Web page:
BREAKING: Steve Bannon subpoenaed in special counsel's Jan 6 grand jury investigation

Special Counsel Jack Smith is undertaking the investigation.

A federal grand jury has issued a subpoena for Steve Bannon, former Trump advisor and current War Room host, in a case investigating Trump's alleged attempts to retain the presidency after the 2020 election. Special Counsel Jack Smith is undertaking the investigation.

An indictment under the Espionage Act is expected later this week in the case of the Mar-a-Lago seized documents. Two sources familiar with the matter, NBC reports, stated that the subpoena for Bannon, looking for documents and testimony, was issued in May.

This grand jury is looking into Trump's alleged attempts to interfere with the peaceful transition of power. The congressionally enacted Special Committee on January 6 found no evidence that there was an intent to do this. The Committee took years to dig through evidence and was not able to charge Trump with anything at all.

Donald Trump peacefully vacated the office of the presidency at the end of his term, as has every other president in the history of the United States. In the aftermath of the 2020 election, he was diligent in demanding recounts of votes in states where his campaign had misgivings about the ballotting and tabulation process.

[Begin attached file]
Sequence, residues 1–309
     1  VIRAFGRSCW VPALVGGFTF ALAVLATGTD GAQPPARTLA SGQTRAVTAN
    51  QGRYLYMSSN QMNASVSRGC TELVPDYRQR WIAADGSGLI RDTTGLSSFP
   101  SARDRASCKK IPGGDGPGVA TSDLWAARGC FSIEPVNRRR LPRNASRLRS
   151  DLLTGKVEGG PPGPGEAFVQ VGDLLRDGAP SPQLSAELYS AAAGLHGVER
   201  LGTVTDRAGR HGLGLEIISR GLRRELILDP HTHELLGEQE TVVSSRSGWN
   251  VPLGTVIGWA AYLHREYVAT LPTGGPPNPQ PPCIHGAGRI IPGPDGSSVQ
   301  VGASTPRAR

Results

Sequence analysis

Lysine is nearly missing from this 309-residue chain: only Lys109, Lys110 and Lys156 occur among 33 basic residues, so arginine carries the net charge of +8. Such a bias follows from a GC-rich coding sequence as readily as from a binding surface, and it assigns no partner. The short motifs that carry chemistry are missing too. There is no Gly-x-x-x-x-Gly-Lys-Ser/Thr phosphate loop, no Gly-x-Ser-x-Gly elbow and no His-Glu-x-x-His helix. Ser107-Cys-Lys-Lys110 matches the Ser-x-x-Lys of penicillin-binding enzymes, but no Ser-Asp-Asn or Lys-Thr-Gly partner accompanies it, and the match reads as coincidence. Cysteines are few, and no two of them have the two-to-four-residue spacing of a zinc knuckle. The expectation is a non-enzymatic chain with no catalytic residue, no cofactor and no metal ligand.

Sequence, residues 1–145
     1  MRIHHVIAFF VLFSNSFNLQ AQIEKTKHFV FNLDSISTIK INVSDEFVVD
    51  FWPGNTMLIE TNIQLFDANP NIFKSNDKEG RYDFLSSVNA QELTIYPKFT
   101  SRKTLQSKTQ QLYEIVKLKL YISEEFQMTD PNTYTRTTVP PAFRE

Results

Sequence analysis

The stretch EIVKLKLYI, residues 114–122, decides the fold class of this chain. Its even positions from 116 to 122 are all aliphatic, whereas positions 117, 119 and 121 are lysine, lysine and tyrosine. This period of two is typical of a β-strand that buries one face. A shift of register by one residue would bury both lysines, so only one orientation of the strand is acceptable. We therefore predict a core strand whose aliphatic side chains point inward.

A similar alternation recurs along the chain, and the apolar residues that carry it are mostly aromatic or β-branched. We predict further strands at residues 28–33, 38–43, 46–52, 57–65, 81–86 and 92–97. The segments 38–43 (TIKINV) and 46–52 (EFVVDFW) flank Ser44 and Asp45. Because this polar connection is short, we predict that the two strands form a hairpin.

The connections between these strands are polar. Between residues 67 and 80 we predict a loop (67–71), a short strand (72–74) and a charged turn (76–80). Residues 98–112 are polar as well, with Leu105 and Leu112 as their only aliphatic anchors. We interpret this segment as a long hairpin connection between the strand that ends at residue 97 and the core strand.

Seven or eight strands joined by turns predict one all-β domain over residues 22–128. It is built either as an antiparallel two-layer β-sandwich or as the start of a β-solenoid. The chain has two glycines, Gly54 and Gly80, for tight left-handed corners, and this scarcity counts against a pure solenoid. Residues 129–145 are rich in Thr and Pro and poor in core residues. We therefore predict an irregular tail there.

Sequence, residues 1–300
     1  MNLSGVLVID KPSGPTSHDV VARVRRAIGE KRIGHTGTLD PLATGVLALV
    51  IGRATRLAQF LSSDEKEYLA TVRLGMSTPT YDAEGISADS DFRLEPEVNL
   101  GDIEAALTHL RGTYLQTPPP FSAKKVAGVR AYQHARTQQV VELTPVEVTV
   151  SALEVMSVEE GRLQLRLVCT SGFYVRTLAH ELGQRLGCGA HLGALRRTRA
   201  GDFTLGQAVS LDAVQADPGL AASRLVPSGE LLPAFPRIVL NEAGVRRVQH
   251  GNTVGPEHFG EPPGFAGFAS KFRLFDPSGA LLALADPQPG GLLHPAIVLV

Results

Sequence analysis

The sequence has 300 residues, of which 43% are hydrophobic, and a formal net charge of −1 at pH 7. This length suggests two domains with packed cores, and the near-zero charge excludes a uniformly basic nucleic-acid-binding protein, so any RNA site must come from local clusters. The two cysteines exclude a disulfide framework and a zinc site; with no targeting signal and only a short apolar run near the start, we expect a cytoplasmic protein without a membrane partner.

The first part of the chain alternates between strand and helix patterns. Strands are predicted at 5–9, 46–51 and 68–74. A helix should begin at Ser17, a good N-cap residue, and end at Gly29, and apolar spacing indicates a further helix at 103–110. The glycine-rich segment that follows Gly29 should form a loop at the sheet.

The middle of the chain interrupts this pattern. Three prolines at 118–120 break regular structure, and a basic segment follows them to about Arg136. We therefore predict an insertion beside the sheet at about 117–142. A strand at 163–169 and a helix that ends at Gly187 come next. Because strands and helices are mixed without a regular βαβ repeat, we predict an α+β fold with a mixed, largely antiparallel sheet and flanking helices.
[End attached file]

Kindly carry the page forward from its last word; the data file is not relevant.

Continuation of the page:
Once those suits were complete, Trump continued to state his concern that the election had not been fairly conducted. 

This grand jury is separate from the one convening over the seized Mar-a-Lago documents case and the one in New York convened by DA Alvin Bragg which indicted Trump on 34 counts of felony falsification of documents, which is normally a misdemeanor unless there are extenuating circumstances as Bragg as claimed there are though he has not been forthcoming about what those charges are.

Bannon is facing a court date in March 2024 over contempt of Congress charges on which he was convicted after refusing to comply with a congressional subpoena to hand over documents to the Janaury 6 committee, citing executive privilege. Trump later waived that privilege, but the court went away with the conviction anyway.

Neither the special counsel nor Bannon's attorney offered comment.
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